(from the Greek amnestia, oblivion) is a legislative or executive act by which a state restores those who may have been guilty of an offense against it to the positions of innocent people. It includes more than pardon, in as much as it obliterates all legal remembrance of the offense. The word has the same root as amnesia."




                                                                                                                          – Wikipedia

The Pennsylvania legislature has authorized a tax amnesty period from April 26 to June 18, 2010. During this limited, 54-day time frame, the Pennsylvania Department of Revenue will waive 100% of penalties and half of the interest for anyone who pays his or her delinquent state taxes.

Any PA taxes delinquent as of June 30, 2009, and any non-filed PA returns overdue as of June 30, 2009, are eligible for tax amnesty. Individuals and businesses are included.

All taxes administered by the PA Department of Revenue are eligible for the tax amnesty program. There are many state taxes. Here are a few: Personal Income Tax, Inheritance Tax, Capital Stock Tax, Sales and Use Tax, Corporate Net Income Tax. The tax amnesty does not include Unemployment Compensation because it is administered by the PA Department of Labor and Industry. The program does not apply to any tax administered by another state, the federal government or Internal Revenue Service.

To obtain tax amnesty, you must do the following between April 26 and June 18, 2010:





file an amnesty return online with the PA Department of Revenue (taxpayers will only be able to apply online; no paper application will be available);

file tax returns for periods for which returns were not filed, or file amended returns for all underreported tax; and

pay all delinquent taxes plus 50 percent of the interest due with the amnesty return that is filed.





No extensions to file or to pay are available. Penalty and interest paid before the tax amnesty program begins are non-refundable.

If you are reporting and paying taxes which are completely unknown to the Department – meaning you have not registered, filed or paid the state taxes, nor have you been contacted by the department about the taxes – you could qualify for a limited filing period. In this case, only undisclosed tax delinquencies dating back to July 1, 2004, will be required to be filed and paid under the amnesty program.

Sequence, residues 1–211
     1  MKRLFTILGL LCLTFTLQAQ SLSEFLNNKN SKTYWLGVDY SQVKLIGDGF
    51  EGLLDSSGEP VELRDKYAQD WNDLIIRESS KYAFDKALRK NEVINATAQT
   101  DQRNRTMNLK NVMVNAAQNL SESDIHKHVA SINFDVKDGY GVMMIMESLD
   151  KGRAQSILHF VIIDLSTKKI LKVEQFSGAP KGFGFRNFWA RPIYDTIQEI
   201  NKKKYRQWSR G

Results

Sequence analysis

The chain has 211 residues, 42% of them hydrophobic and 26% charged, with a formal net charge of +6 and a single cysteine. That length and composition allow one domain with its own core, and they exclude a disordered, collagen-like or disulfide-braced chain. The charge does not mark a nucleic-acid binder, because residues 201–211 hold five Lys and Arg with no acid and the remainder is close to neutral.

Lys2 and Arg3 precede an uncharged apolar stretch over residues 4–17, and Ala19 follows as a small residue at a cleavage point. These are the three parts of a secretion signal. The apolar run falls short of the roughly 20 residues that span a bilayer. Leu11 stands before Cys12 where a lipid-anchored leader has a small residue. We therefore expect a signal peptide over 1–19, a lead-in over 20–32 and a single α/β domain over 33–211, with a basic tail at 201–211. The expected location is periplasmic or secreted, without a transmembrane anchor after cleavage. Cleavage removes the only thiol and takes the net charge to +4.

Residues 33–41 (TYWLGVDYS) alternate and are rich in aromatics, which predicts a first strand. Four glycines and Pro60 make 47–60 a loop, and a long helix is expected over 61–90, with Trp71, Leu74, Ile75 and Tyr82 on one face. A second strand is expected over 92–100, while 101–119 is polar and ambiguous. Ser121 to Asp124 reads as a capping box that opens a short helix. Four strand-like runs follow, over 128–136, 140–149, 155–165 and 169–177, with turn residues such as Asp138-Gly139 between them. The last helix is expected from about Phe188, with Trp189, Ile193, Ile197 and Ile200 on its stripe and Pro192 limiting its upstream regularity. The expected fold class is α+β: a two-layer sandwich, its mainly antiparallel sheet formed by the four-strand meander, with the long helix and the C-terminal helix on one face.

If you are reporting and paying taxes which are known to the department, you must file tax returns or amended returns for all tax periods and pay all taxes due to the department.

Taxpayers with known delinquencies will receive notices from the DOR informing them about the amnesty program. The notice will include a Personal Identification Number (PIN) to be used in the application process. For delinquencies that the department does not know about, taxpayers will have to register and get a PIN online in order to file.

A business or individual currently under criminal investigation for violation of a tax law, or named as a defendant in a criminal complaint alleging a violation of a PA tax law is not eligible to participate in the amnesty.

After the amnesty period closes, a 5% non-participation penalty will be imposed on all un-paid tax, penalty and interest not paid in full during the amnesty period. Existing deferred payment plans, active appeals and entities in bankruptcy will not be assessed the additional 5% penalty.

In addition, if within two years after the end of the program a taxpayer that is granted amnesty becomes delinquent for certain periods in payment of any taxes that are due or in the filing of any required returns, the Department of Revenue may assess and collect all penalties and interest waived through the amnesty program.

You only get one shot at Pennsylvania tax amnesty. If another Amnesty Program is held in the future, a taxpayer participating in the 2010 Amnesty Program will be prohibited from participating in future Amnesty Programs.

The amnesty is projected to generate an additional $190 million for the state to help offset spending in the fiscal year that began July 1, 2009. Last year New Jersey had a hugely successful amnesty program which collected $725 million in six weeks.

Pennsylvania’s last tax amnesty was 14 years ago. The 1995-96 amnesty waived penalties but required full payment of taxes and interest. This year’s amnesty is better. It will waive penalties and 50% of the interest. The extra incentive for taxpayers previously unknown to state officials to come forward is that they will not be held responsible for taxes due before July 2004. The theory is that they will have to supply the department with the information it needs to tax them in the future.

While there is no question that tax amnesties work, it can provide a negative incentive to tax payers. As Kail Padgitt of The Tax Foundation in Washington D.C. says a tax amnesty is essentially "rewarding people that have not paid their taxes and have been out of compliance. So really what it does is it provides a perverse incentive to not pay your taxes."